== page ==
This novel multi-scale and multi-disciplinary approach will be applied and embedded in temperate ecosystems – grass (Cabauw, Veenkampen) and forest (Loobos)- at the Ruisdael observatory (Netherlands) as well as in a boreal forest (SMEAR-II, Finland) and a tropical rain forest (ATTO, Brazil) (see Figure). In all these ecosystems, clouds play a major role and therefore, we expect larger interactions between the ecosystems and the cloud organization. CloudRoots findings could be key to developing realistic and scalable model representations of the active role of the vegetated land in atmosphere dynamics, and vice versa, and will contribute to improving predictions of weather and climate.
The CloudRoots ecosystems: tropical, temperate and boreal, and their anchor stations
Characterized by strong carbon storage and strong evaporation rates, the rain forest in Amazonia is under increasing pressure due to extreme weather situations (drought, flooding) and deforestation. Our modelling and field experiments will be based around the ATTO tower. One of the main goals of CloudRoots is to determine how the partitioning of the surface fluxes controls the transition between shallow and deep convection during the wet and dry period, and in years influenced by el Niño or la Niña. Special emphasis will be placed on studying the relevance of local evaporation and moisture recycling compared to long-range sources of moisture. In the specific case of the rain forest, the height of the canopy (~30 meters) requires detailed profiles of observations and high vertical and horizontal resolution.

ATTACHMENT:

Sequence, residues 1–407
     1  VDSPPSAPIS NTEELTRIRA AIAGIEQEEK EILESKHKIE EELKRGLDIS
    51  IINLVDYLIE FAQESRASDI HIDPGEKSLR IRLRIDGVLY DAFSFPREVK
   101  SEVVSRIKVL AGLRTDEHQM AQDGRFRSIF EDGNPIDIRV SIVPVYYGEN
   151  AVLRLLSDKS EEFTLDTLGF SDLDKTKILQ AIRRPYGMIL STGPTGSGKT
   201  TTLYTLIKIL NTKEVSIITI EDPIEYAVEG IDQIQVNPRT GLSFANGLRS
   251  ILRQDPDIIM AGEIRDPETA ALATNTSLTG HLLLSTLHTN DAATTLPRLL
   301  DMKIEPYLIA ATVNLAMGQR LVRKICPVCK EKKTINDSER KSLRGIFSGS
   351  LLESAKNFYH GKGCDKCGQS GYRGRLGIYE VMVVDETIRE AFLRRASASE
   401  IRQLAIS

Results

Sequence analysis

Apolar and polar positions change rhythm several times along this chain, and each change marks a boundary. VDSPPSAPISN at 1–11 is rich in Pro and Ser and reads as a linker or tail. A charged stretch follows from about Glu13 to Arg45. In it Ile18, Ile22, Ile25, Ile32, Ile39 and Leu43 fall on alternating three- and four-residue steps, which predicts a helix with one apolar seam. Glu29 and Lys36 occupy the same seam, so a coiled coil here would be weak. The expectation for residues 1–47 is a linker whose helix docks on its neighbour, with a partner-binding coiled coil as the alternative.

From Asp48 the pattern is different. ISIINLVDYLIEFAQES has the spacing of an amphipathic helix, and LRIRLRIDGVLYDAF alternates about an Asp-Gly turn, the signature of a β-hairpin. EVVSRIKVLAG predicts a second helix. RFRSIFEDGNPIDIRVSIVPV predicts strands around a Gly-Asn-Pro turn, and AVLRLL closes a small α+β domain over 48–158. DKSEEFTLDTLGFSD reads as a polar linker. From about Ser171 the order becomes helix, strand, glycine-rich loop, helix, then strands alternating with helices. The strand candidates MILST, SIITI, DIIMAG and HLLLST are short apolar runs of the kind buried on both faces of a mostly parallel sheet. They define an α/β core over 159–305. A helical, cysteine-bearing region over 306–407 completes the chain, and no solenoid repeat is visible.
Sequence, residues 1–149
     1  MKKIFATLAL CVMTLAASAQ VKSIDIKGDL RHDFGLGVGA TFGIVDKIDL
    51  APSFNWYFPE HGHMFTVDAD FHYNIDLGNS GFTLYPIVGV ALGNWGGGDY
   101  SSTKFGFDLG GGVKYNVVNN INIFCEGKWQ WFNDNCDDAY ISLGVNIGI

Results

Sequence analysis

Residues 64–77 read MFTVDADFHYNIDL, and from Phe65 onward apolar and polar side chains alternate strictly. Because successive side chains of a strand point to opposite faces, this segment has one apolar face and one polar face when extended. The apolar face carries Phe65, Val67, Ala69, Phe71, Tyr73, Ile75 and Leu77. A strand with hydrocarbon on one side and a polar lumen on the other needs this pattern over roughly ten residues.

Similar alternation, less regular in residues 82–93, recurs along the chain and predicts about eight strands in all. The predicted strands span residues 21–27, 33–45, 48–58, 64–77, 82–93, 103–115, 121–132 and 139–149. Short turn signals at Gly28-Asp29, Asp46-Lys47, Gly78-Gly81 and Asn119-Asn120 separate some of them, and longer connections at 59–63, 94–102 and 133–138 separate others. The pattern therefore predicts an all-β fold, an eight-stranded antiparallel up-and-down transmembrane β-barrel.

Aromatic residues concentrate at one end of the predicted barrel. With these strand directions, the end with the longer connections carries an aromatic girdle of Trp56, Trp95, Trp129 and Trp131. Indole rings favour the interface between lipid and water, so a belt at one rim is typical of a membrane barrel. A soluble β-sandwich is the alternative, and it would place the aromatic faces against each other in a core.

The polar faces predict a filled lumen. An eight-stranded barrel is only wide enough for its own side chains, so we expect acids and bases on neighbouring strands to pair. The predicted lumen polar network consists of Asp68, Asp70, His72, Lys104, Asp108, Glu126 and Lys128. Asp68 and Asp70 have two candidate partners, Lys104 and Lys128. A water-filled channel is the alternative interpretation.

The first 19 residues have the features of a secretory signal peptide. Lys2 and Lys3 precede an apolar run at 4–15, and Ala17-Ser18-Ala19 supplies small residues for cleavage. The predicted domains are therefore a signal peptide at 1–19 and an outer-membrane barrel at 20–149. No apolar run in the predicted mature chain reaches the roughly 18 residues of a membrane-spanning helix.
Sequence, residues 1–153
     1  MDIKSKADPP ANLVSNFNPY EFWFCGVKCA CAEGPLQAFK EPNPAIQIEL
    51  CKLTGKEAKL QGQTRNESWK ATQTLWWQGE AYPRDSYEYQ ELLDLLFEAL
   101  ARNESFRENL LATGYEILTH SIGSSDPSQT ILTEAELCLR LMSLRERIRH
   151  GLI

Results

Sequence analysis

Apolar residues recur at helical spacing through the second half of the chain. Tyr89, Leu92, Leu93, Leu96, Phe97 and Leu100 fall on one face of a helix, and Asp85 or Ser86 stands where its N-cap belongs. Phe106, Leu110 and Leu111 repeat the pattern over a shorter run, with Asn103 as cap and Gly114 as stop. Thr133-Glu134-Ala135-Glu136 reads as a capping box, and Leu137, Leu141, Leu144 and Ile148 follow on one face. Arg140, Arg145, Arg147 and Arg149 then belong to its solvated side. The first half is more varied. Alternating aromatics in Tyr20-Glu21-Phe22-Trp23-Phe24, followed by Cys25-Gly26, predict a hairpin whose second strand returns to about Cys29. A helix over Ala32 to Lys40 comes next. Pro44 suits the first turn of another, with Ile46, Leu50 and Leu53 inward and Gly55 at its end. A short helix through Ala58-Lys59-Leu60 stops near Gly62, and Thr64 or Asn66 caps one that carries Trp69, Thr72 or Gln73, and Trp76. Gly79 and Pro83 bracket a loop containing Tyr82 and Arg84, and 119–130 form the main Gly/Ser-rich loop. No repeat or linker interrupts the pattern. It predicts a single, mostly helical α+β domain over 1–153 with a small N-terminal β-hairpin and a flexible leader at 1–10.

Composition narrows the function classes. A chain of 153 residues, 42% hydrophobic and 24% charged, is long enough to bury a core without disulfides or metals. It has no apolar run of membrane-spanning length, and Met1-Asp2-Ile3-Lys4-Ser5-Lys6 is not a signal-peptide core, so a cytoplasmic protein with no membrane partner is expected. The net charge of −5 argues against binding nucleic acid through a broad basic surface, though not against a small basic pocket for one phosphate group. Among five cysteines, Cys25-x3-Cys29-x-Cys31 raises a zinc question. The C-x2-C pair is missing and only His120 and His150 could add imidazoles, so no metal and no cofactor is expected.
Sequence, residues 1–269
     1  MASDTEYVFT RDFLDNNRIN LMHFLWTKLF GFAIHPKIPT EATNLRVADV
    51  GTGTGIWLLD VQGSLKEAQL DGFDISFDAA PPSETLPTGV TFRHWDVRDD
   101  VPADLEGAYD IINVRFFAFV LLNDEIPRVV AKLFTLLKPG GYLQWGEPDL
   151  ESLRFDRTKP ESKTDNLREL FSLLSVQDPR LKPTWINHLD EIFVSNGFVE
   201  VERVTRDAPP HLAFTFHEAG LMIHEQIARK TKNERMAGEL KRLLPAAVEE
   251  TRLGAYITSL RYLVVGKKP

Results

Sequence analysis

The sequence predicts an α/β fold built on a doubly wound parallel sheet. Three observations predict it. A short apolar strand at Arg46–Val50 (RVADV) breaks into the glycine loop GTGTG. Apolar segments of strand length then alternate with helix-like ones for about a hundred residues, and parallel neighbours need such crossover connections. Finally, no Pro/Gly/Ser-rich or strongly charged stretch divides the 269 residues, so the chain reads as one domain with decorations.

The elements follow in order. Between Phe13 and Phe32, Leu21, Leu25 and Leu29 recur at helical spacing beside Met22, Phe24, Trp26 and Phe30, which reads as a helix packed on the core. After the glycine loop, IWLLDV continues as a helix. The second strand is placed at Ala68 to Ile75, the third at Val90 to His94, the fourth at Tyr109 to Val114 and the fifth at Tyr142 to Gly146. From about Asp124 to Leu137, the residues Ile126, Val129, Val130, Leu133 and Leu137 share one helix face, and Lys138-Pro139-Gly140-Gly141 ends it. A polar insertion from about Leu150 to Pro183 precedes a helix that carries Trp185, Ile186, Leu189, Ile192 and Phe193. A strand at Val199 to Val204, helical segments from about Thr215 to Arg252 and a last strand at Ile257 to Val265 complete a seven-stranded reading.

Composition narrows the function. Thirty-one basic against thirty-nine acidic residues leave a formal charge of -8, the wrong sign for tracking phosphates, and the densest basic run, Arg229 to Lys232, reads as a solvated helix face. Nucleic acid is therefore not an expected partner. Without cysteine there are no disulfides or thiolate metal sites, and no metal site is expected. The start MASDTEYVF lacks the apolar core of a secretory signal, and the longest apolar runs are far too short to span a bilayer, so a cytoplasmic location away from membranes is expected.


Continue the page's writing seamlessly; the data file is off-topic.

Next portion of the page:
The possibility of simultaneously studying the measurements taken at two grassland sites and a forest site in a temperate climate provides CloudRoots with the opportunity to relate the specifics of each ecosystem to similar cloud cycles. Special attention will be paid to the differences and relationships between water use efficiencies, evaporative fractions and cloud variables. In this ecosystem, we have the advantage of being an active partner of the Ruisdael observatory both in the collection of measurements (including the carbon and water vapor isotopologues and isofluxes) and the simulation in the DALES testbed of the three stations (see dashed line in the figure). This could provide an unprecedented level of detail for calculations and validation of the surface fluxes and cloud cycles, i.e., spatiotemporal scales of 100 meters and seconds.
The boreal forest will complete the ecosystems understudy. Characterized by relatively moderate carbon storage and evaporative fraction, this system is also susceptible to potential changes due to more frequent droughts and heatwaves. We will make use of the smear-II observation station and use a modelling framework similar to the one proposed for the tropical and temperate ecosystems that will combine conceptual and explicit turbulent modelling.